Source: Journal of Health Diplomacy
Against the background of stalled negotiations in the World Trade Organization
(WTO), there has been a proliferation of bilateral and regional trade agreements.
Most of these contain provisions which go beyond existing WTO agreements in the
protection of intellectual property (IP), and raise concerns about the ability of low
and middle-income countries to provide affordable drugs for their populations. An
extreme case is the Trans-Pacific Partnership Agreement (TPPA), now under negotiation among eleven countries. Competing interests within and among countries, evolving alliances and economic ties, and external factors present a challenge for health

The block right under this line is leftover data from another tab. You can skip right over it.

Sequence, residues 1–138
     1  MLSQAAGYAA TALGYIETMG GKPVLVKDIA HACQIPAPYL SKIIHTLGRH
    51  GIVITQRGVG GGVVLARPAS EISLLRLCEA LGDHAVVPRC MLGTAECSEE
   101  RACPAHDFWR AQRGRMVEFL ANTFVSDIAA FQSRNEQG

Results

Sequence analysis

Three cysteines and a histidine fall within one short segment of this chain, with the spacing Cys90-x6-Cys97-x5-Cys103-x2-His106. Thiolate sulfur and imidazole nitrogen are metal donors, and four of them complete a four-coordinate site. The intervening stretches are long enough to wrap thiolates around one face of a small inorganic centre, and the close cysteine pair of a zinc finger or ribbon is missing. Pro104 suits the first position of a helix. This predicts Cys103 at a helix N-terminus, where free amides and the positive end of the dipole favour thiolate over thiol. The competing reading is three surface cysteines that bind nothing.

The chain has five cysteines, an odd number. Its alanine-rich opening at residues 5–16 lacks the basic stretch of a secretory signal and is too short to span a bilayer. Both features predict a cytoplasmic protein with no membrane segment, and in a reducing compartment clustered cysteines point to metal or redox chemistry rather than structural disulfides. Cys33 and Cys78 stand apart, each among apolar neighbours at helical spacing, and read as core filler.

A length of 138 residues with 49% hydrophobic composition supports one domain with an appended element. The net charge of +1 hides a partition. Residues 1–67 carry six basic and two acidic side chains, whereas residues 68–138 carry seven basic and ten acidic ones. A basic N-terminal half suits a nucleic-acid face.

diplomacy at the intersection of health and trade. With the emergence of new economic power centres, low and middle-income countries have wider choice for trade
partnerships and do not have to accept agreements that are incompatible with their
policy objectives. The situation calls for a more sophisticated and inclusive style of
health diplomacy than we have seen up to now.
Here we will review the background and contents of the TPPA, and then examine
choices facing Thailand as it considers joining TPPA negotiations.